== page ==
On September 20, 2010 I wrote a blog post projecting what I would learn.
What Will Thesis Teach Me?
I want to learn…
- how to go very very wide in my research.
- how to make decisions about where to focus my research.
- how to be more efficient in my working habits. (I need to be able to sleep!)
- to become intimate with an area of interest.
- how to clarify my thoughts and present them to others in a way that makes my audience as enthusiastic as I am.
My first list was pretty accurate. I learned all of those things, but as I look back at it now I see that it was too narrow. Perhaps the best lesson I’ve learned is that I can think bigger – bigger than myself, my ideas, and my scope of understanding. I’ve learned that I almost always need a push to get started, and once I get it I’m able to travel farther and faster than I ever imagined.
Some Other Lessons
As it turns out a masters thesis is quite a bit of work. And it’s hard work, but in the end I’m satisfied knowing that I’ve taken a deep dive into something I really care about.
During the synthesis phase I learned the value of meticulous note taking during research. At many points in my process something I discovered early on turned out to be a significant insight for another design decision. It’s essential to document everything and look out for unexpected connections between focused research and the experiences outside of projects.
Too Much Empathy
In his closing keynote at Interaction11, Bruce Sterling accused user experience designers of having “Stockholm Syndrome” for their users, shaming us for having too much empathy or caring too much about the user’s benefit over our own well being. I experienced Sterling’s hypothesis during my work with teachers. They’re an endearing, passionate bunch of people and I often found it difficult to separate my enthusiasm for education from my integrity as a designer.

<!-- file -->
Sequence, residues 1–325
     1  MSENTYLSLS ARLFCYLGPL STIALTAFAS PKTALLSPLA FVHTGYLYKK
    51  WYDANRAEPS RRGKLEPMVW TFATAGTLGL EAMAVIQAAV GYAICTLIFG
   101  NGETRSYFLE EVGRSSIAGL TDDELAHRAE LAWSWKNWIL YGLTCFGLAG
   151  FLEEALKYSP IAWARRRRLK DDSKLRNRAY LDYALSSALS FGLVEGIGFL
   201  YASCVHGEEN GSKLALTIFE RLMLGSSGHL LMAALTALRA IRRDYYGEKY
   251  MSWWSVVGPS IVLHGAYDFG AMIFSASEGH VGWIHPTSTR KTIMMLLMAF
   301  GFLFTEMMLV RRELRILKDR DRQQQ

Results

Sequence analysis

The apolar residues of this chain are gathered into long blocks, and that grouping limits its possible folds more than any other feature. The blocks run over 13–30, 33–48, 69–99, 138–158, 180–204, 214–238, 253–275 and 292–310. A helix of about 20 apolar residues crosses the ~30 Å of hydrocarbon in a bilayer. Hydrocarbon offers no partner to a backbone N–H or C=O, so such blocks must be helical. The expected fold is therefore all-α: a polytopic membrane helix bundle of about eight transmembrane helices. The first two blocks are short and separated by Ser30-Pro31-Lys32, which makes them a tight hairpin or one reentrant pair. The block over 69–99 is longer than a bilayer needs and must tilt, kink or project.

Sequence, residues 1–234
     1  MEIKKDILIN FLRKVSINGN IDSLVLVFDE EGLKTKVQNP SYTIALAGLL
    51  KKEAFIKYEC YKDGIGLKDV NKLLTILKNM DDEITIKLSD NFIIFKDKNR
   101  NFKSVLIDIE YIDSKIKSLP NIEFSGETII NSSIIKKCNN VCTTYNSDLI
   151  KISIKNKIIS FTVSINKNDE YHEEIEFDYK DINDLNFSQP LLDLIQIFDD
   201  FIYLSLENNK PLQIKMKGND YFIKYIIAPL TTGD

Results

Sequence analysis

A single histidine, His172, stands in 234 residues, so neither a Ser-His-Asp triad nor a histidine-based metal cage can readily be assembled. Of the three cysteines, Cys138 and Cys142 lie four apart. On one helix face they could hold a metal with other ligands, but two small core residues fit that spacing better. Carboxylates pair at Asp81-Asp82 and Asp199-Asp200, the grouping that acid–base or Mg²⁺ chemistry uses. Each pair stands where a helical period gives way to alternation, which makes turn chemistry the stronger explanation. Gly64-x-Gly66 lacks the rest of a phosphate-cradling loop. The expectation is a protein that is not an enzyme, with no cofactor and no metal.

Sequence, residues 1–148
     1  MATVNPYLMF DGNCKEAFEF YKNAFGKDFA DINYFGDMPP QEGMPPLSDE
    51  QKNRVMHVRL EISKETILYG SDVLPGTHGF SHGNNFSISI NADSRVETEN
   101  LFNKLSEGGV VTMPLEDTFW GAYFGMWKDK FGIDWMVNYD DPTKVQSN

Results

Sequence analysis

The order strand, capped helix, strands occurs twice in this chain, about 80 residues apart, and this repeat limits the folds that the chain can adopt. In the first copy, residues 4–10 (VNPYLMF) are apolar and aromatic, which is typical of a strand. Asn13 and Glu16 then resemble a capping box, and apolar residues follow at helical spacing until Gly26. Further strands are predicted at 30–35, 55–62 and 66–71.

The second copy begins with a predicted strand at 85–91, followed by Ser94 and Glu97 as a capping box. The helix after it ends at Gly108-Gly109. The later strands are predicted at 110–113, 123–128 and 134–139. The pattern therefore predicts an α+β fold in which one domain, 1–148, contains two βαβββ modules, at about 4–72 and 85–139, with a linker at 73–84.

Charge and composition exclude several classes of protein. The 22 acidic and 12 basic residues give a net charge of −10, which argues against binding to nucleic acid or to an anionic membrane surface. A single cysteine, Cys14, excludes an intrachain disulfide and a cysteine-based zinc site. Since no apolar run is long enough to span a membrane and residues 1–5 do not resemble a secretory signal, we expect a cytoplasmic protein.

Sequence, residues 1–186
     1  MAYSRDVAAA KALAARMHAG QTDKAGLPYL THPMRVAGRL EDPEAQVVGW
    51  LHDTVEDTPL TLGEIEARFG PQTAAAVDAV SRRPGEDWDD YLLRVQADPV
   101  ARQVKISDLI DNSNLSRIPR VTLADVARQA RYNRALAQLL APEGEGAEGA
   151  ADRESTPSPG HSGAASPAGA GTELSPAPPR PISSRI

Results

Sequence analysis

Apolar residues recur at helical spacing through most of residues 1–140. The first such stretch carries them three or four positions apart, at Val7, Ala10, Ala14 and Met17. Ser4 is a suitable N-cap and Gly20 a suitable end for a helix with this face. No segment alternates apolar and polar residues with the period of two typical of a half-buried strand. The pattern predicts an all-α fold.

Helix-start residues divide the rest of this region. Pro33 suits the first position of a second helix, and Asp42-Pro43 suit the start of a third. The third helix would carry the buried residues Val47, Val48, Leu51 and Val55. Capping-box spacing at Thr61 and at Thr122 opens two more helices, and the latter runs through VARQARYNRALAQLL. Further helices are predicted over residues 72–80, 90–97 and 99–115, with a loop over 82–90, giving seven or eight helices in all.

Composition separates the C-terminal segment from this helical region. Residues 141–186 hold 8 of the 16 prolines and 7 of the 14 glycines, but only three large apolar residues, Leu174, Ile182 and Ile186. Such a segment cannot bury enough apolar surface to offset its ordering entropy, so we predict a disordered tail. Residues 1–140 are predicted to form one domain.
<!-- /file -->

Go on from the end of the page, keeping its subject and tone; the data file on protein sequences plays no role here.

The Value of Time
In this project, as in many others during graduate school, I again learned the value of planning. There are unexpected challenges in any project. A thesis project is particularly prone to such divergences, with advice coming from all angles outside and inside of my head. It’s important to save time for critical questions, reflection, and testing. I was surprised to find these things don’t always happen at one time. I found use for reflection and questioning at all phases throughout my thesis work, at moments when I least expected to be challenging my own ideas.
Taking a dive into the deep end of education research and experience design proved to be more rewarding than I thought. I’ve gained a vast body of knowledge about the lives and motivations of teachers. They’re a fascinating group of users and one that I’d like to continue exploring in my future pursuits.
I will always be interested in education and the changes occurring across the field. I look forward to seeing how my detailed knowledge of the subject matter will contribute to the conversation as the culture around education shifts in the coming decades.
The Life and Death of the Great American School System, Ravitch, 2010
By Design, Caplan 1984
A Whole New Mind: Why Right-Brainers Will Rule the Future, Pink, 2006